“Malware-as-a-Service (MaaS) business models continue to thrive in the cyber underground. It has allowed cyber crooks to generate renewable income through renting malware rather than selling their tool for a one-time payment. As a result, the business model has been adopted in various underground commodities such as exploit kits andremote access trojans. Recently, we saw the emergence of Ransomware-as-a-Service (RaaS) platforms.
During our monitoring, we discovered that this same business model is also being used in phishing schemes in the form of a Russian website called “Fake-Game.” Appearing in (at least) July 2015, Fake-Game offers a Phishing-as-a-Service (PHaaS) platform to anyone who signs up on their website:
Once a user has logged in, a tutorial window pops-up (the rest of the images in this post have been translated from Russian to English to allow our general readers to understand them):
The site then asks the user to choose which type of credential it wishes to steal:
To see how it works, we tried to simulate the platform’s Gmail phishing tool. Upon choosing the Google option from the dropdown menu above, a link containing the subdomain “gmail” was generated:
The link is appended by an affiliate ID which, in this case, is our subscriber’s ID. This allows the website to track which stolen accounts belong to which subscriber.
A subscriber can then spread the phishing site to prospective victims. Once a victim enters a credential into the subscriber’s phishing link, a prompt showing the stolen information appears:
In order to assist novice cyber criminals using the platform, the above prompt provides a hyperlink to another Russian site where subscribers can sell the credentials they have stolen. The stolen credentials can be sold from $0.015 USD up to $15.39 USD at current exchange rates.
A summary of stolen credentials appear on the subscriber’s profile:
How Does the Phishing Webpage Work?
The Gmail phishing page looks like the legitimate Gmail log in page:
The Fake-Game platform has a feature that verifies the validity of credentials. If an entered credential is valid, it replies with a compressed string that translates to “good” once decompressed:
The phishing page’s code then checks to see if Fake-Game responded with the required value. If not, it displays an error and re-loads the phishing page:
The Fake-Game Phishing-as-a-Service (PHaaS) Business Model
Fake-Game earns money by offering VIP subscriptions for relatively low prices. The VIP account also offers subscribers extra privileges (listed below) that are not available for normal one-time users. The prices for such an account are $3.50 USD for a month, $5.70 USD for two months and $7.12 USD for three months:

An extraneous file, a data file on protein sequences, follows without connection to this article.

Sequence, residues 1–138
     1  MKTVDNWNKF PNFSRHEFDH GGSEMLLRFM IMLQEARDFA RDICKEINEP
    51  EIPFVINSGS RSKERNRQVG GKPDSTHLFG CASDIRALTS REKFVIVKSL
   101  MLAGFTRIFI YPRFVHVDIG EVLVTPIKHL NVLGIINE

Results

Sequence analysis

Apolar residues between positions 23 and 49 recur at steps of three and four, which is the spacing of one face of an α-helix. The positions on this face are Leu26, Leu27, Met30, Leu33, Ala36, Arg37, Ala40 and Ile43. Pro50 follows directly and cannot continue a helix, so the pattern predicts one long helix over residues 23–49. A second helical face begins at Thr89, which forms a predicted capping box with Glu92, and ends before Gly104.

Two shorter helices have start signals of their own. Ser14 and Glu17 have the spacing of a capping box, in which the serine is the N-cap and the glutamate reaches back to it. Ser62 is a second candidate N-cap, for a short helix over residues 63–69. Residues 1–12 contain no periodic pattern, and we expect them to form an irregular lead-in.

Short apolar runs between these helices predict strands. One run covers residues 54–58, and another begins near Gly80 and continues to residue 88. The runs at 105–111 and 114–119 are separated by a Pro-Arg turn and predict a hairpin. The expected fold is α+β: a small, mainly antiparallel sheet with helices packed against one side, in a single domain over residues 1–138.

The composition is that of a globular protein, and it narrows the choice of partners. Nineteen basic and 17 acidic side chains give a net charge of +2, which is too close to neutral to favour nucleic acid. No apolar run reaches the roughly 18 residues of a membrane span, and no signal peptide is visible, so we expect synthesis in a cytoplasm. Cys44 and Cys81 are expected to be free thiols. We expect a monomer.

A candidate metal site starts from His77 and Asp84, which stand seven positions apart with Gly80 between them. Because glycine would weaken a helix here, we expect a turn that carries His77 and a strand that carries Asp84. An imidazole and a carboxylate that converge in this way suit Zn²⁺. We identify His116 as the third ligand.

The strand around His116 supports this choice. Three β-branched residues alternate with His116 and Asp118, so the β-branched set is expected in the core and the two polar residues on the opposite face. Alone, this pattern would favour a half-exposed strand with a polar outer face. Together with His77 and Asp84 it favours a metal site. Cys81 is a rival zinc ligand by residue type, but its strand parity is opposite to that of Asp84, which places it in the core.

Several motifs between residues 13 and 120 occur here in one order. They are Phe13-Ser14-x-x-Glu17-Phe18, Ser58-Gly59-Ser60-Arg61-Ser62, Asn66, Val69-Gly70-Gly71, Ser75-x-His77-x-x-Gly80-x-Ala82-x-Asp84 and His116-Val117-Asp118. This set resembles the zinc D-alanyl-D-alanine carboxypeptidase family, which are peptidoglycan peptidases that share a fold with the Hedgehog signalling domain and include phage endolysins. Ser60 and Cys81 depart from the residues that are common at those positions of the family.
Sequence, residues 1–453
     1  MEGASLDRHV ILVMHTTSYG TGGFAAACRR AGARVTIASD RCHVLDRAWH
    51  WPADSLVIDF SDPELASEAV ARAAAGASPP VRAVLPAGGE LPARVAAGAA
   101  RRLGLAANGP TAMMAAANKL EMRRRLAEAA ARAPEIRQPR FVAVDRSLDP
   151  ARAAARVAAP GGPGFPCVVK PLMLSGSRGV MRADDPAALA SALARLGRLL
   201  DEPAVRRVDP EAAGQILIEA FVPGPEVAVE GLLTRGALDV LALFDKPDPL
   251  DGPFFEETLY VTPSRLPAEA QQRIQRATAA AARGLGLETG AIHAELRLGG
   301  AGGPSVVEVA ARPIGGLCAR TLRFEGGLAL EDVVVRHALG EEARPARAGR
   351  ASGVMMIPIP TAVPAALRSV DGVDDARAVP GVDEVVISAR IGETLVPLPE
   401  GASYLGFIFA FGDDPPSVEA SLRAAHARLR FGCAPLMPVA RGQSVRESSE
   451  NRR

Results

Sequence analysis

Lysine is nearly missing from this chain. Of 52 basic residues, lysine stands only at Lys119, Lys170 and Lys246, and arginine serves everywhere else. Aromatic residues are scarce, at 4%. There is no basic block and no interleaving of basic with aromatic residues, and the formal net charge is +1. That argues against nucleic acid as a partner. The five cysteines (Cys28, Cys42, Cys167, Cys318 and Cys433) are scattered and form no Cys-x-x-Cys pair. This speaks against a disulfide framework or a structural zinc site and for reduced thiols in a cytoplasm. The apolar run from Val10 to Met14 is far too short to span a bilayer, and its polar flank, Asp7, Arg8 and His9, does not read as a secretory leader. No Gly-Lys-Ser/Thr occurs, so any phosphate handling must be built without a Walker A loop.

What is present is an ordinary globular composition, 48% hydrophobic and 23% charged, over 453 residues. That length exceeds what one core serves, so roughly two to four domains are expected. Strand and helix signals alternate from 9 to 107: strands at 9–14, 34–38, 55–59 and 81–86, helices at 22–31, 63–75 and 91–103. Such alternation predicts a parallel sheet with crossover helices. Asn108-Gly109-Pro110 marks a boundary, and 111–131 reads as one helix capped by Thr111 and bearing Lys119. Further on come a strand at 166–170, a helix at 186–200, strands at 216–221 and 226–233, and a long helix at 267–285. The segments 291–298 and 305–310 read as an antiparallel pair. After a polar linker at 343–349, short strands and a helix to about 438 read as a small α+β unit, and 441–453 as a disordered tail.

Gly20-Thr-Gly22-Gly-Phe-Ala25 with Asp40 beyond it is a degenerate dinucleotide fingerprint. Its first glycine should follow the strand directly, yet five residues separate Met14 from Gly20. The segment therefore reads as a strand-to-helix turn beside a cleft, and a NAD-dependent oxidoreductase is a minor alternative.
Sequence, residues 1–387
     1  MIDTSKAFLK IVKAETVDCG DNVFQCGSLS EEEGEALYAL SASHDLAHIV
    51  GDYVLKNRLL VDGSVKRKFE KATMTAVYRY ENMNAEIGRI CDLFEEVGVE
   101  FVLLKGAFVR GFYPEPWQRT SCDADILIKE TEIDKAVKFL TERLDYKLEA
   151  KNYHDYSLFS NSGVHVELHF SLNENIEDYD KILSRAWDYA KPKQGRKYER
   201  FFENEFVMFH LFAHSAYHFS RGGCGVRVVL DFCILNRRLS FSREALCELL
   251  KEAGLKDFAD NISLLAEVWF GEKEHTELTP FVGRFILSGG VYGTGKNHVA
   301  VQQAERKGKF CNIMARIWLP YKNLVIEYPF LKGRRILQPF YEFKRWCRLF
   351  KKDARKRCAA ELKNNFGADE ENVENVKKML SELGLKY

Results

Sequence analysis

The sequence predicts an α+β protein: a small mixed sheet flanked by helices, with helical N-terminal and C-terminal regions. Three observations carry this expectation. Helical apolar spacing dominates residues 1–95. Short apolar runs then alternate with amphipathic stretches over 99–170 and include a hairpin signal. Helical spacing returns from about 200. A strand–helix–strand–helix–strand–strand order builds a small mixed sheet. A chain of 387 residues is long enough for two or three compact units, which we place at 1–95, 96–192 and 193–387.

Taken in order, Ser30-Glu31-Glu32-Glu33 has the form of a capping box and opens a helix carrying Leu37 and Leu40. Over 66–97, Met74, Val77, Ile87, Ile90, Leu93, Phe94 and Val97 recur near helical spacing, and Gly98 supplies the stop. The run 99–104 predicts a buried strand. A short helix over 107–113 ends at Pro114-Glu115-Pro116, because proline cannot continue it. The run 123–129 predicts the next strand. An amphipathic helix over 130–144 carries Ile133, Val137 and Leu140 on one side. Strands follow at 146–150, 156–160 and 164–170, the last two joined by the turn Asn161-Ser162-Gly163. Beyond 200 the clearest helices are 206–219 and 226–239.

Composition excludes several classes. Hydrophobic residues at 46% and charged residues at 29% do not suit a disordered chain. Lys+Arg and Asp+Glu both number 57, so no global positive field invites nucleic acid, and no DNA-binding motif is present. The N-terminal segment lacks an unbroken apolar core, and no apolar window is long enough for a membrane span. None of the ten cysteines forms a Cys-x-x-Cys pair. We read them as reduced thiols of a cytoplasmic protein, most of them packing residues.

Like legitimate businesses, Fake-Game has a real-time chat support feature available on its website:
Users are also given the privilege to chat with each other after reaching a rating of over 50 on the website:
User ratings are achieved by purchasing VIP accounts. Higher VIP package purchases reward users with higher ratings.
In addition, referral programs are available in order to attract more users to use the PHaaS platform:
As of this writing, the Fake-Game website shows that there are currently 61,269 subscribers using the platform. Furthermore, a total of 679,511 credentials were stolen based on their current statistics:
With the thriving malware-as-a-service business model, it is unsurprising to see the emergence of a Phishing-as-a-Service platform such as Fake-Game. However, it is important to be aware of these services and understand their implications. In this case, an effective business model such as this has the capability to amplify phishing attacks in the wild by making malicious services available and convenient to just about anyone.
While Fake-Game caters specifically to Russian cyber criminals, we believe that similar services will be available to other regions soon, if they are not already happening.
We want to reemphasize that it is always a good idea to make sure that the website link on your browser address bar is legitimate before entering online credentials. If you are unsure, manually typing in the correct website URL can help prevent phishing attacks. Furthermore, remember that unsolicited requests for credentials arriving through email or social media are typically fraudulent, and are best avoided.”